The Hate U Give

The Hate U Give

In Theatres: 
Oct 05, 2018
Running Time: 
132 minutes

Braiding reality to a journey of empowerment and self discovery, The Hate U Give is an exceedingly powerful book. When you put these pages to screen, stock the cast with talented actors, and a well balanced script you achieve a piece of cinema that cannot be ignored.


Starr Carter’s (Amandla Stenberg) nights and weekends are spent in Garden Heights where lack of opportunity can push good people to make less than legal decisions to survive. Starr’s school days are spent at the nearly all white Williamson Prep where she has to code switch and manage herself to make sure she’s approachable and not viewed by her classmates and teachers as “ghetto”. Shifting between these worlds can be exhausting and leaves little room for Starr to be her Harry Potter, 90’s sitcom, Jordan sneakers loving self.


When she reunites with childhood friend Khalil (Algee Smith) at party, the night unexpectedly ends in terror when he is shot and killed by a white police officer. In the aftermath Starr struggles with how she should respond and how others will interpret her response. As the case heads towards a grand jury Starr’s internal struggle intensifies as her worlds begin to blend and bleed in stressful and unanticipated ways. She has to decide if she will live up to her name and shine her light in the darkness.


In such an environment it is easy and justifiable to break, to feel completely without hope that anything could change. You cannot be strong all of the time, we are only soft bellies and bleeding hearts and at some point something has to give. But you can’t drown. You can’t stay under with your spirit starving. How do you find your back to the surface? How do you find value in your voice when you have been told that only your silence is desired? How do you find that energy required to break the waves and call for what is right? When you have to balance between worlds how do you find your own power?


There are many well worn traps a film like this could have fallen into. It could have easily been too “after school special”, preachy, or revel in supposed misery of poor Black people, complete with a white savior. However, unlike many films that attempt to discuss race, That Hate U Give successfully tightropes between tension and humor while utilizing nuance to humanize the story of Starr Cater and the black community of Garden Heights.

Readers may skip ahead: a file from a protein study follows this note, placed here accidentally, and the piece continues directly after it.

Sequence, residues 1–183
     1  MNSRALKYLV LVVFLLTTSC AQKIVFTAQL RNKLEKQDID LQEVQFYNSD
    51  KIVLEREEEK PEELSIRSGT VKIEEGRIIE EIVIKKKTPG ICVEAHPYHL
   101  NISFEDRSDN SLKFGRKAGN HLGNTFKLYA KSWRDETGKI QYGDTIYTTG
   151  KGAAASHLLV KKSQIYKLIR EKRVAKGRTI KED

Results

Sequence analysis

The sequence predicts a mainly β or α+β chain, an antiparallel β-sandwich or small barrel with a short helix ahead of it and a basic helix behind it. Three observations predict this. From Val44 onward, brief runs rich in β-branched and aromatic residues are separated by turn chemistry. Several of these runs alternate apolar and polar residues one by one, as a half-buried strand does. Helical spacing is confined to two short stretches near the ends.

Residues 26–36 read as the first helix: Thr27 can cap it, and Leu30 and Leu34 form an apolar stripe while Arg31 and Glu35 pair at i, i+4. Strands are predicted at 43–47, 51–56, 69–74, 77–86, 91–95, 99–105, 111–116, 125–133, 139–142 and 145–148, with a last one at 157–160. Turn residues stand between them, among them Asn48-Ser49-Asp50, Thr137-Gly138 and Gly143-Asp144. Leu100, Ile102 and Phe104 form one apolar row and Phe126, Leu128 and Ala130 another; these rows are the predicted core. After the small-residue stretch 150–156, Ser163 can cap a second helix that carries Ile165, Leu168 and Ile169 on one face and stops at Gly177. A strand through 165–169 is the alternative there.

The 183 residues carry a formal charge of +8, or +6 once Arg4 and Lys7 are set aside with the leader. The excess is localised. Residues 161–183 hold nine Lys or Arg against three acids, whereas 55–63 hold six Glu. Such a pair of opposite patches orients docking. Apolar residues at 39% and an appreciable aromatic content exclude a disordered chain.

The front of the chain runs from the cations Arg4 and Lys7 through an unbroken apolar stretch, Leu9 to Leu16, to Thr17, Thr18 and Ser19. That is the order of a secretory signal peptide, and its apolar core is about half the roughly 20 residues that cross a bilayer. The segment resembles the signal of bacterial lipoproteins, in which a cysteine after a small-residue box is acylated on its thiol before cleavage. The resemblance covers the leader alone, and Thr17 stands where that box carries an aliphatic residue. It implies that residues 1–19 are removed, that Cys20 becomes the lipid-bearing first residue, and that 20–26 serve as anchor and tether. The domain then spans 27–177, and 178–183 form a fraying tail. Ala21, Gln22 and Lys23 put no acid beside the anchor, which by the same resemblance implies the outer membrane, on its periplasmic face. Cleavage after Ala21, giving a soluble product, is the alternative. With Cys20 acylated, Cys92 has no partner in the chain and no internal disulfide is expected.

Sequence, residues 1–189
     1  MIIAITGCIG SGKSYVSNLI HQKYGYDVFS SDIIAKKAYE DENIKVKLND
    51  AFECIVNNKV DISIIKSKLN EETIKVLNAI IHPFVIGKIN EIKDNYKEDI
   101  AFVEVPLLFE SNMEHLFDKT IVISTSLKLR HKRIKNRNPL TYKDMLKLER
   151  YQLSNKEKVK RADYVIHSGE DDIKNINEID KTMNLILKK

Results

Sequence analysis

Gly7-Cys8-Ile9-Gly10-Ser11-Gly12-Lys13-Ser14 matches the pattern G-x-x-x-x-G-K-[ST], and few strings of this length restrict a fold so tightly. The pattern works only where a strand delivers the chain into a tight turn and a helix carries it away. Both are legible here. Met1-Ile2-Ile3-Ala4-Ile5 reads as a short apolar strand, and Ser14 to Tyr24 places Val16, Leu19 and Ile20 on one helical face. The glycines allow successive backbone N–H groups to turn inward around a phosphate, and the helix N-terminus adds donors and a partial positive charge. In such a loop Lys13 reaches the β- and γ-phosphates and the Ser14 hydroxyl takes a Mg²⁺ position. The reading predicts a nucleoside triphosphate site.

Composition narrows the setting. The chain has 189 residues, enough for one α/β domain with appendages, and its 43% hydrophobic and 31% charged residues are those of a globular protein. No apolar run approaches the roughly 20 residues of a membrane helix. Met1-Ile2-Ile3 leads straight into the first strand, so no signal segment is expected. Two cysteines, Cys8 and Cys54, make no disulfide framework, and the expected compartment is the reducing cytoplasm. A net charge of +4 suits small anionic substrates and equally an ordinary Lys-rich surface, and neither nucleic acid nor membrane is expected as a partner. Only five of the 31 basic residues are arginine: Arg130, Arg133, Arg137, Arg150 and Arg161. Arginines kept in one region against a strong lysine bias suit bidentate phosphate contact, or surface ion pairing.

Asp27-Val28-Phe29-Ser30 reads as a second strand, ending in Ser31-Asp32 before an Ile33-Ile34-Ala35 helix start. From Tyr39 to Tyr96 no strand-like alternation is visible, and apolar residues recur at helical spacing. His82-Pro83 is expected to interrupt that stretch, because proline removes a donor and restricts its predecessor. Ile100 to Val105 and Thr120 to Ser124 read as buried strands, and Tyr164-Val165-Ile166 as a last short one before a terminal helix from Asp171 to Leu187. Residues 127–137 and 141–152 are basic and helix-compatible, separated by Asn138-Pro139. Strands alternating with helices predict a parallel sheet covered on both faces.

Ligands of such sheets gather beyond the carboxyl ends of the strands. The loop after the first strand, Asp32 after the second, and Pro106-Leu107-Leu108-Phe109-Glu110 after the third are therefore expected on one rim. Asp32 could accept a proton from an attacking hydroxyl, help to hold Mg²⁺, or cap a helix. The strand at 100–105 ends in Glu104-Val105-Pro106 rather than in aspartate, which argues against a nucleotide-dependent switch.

We see this nuance reflected in Starr’s father Maverick (Russell Hornsby) is muscled, heavily tattooed felon who once worked for the largest drug gang in the city, but is now a small business owner who loves his family and teaches his children how not to take the path he took. Ieasha (Karan Kendrick), Khalil, and even gang leader King (Anthony Mackie) are more than how others are determined to see them. It is this deft use of nuance that shows these characters are loved as humans and not projected onto as objects for discussion.


The performances are virtually flawless. Every actor involved is clearly connected to the characters and what their motivations are. They disappear into their roles so completely I was heard audience members asking, more than once, if this was based on a true story. Russell Hornsby and Regina Hall are moving as Starr’s parent and Amandla asis absolutely stunning. Her conflict, her rage, and her love radiate from the screen in what should be an award winning performance.


There were many tears shed as the content can be very triggering, but this film also holds space to process the emotions that come with that violence. Starr’s emotions are our own and we work through them with her. Black girls, black women, and black people will get to see themselves be vulnerable and strong and inspire in a way YA films have never done before.

Maria Jackson
Review by Maria Jackson
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